Climate Scientists Figured Out Why Winter Is So Long on 'Game of Thrones'


When Game of Thrones began, “winter is coming” was just a folksy phrase uttered by the House of Stark. But now, with season seven over, it’s more like “Oh shit, it really is winter!” With snow zombies marching in from the north and snowflakes settling the typically temperate Kings Landing, the weather in Westeros is officially bananas. And on Tuesday, scientists announced they’ve found the reason for the global climate chaos — and it’s not all prophecy.

In a statement, researchers from the Universities of Bristol, Cardiff, and Southampton announced that they’ve created that a climate model that can explain the bizarre winter in Game of Thrones as well as provide some real-world parallels to the fantasy world.

In a paper the team “published” in the mock journal Philosophical Transactions of the Royal Society of King’s Landing: Volume 1, Issue 1, the scientists also claim that the lead author of the study is Samwell Tarly — which we know can’t be true because he’s too busy watching Bran’s fever dream while incest hookups play in the background.

“In this paper I explore more closely the climate world of Game of Thrones, focusing on the orbital theory,” writes “Tarly.” “To do this, I make use of a ‘Climate Model’ that was installed on a computing machine that I found in the cellars of the Citadel (luckily I learned how to code when I was back in Horn Hill avoiding sword practice).”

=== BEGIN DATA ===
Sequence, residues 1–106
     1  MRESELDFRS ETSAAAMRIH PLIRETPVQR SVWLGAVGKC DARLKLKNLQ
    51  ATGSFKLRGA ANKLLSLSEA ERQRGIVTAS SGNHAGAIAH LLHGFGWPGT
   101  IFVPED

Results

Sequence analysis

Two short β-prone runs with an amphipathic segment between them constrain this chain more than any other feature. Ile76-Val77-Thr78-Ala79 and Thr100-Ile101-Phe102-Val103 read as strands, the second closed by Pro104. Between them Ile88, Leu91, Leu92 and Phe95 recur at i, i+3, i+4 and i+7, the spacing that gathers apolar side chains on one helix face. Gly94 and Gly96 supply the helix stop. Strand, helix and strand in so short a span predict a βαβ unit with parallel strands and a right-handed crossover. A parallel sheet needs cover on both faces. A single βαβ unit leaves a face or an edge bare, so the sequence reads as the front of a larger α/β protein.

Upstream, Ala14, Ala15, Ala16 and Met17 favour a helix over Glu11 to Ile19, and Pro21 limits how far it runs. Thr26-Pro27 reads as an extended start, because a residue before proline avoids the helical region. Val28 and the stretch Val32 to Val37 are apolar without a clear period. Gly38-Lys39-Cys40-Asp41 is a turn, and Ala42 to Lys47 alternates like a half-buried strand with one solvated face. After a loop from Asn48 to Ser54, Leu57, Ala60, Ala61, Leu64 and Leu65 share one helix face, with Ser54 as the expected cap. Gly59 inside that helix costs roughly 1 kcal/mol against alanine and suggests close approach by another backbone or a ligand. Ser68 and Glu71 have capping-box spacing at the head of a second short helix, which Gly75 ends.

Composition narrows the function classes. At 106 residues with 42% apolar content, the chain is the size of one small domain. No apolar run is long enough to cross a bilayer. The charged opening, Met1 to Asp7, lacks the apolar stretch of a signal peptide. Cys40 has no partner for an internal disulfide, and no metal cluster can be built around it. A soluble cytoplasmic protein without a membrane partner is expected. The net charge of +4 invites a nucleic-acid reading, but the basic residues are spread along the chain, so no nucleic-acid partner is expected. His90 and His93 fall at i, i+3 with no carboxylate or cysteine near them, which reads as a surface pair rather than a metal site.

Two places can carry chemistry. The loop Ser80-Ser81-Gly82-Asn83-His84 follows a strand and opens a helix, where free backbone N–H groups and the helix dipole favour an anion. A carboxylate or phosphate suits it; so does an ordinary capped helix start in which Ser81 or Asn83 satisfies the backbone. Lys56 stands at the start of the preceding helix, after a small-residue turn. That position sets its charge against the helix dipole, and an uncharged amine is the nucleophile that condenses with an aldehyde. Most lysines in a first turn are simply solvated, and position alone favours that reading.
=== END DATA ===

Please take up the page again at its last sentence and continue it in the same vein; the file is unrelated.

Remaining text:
“Furthermore, I make some comparisons with a fictional planet called the ‘real’ Earth, whose climate is described in detail in manuscripts that Gilly discovered in the Citadel library.”

The world of "Game of Thrones" showing the positions of the continents over the globe.

Dan Lunt, University of Bristol 

The climate model, designed to simulate weather and climate while following the fundamental rules of fluid mechanics, incorporates the Game of Thrones countries onto our globe. It also takes into account the Earth’s radius, rotation rate, incoming sunlight, and the rate of orbit around the Sun. With all that data plugged in, the researchers tasked the model with demonstrating what would happen in 100 years.

They discovered that the fictional world’s long winters and long summers could be explained by a “tumbling” of the tilt of the spinning axis of the planet as it orbits the sun because it forces one Hemisphere to always tilt toward the Sun.

The model also showed a way to defeat the steadily growing winter: global warming. If concentrations of greenhouse gases in the atmosphere were to double in the fictional world, there would be an overall temperature increase of 2.1 °C.

Surface air temperature predicted by the climate model for winter in the Northern Hemisphere.

Dan Lunt, University of Bristol

“Because climate models are based on fundamental scientific processes, they are able to not only to simulate the climate of the modern Earth, but can also be easily adapted to simulate any planet, real or imagined, so long as the underlying continental positions and heights, and ocean depths are known,” said Dan Lunt, Ph.D., a real-life study co-author and University of Bristol professor of climate science said in a statement on Tuesday.

While Lunt and his team’s model involves quite a bit of guesswork, they were also able to pull out some fun facts from the model: Wherever the Wall and the White Walkers are, the winter climate is most similar to that of Lapland, Finland. Meanwhile, Casterly Rock, the stronghold of the Lannisters, has a climate more similar to Houston, Texas or Changsha, China.

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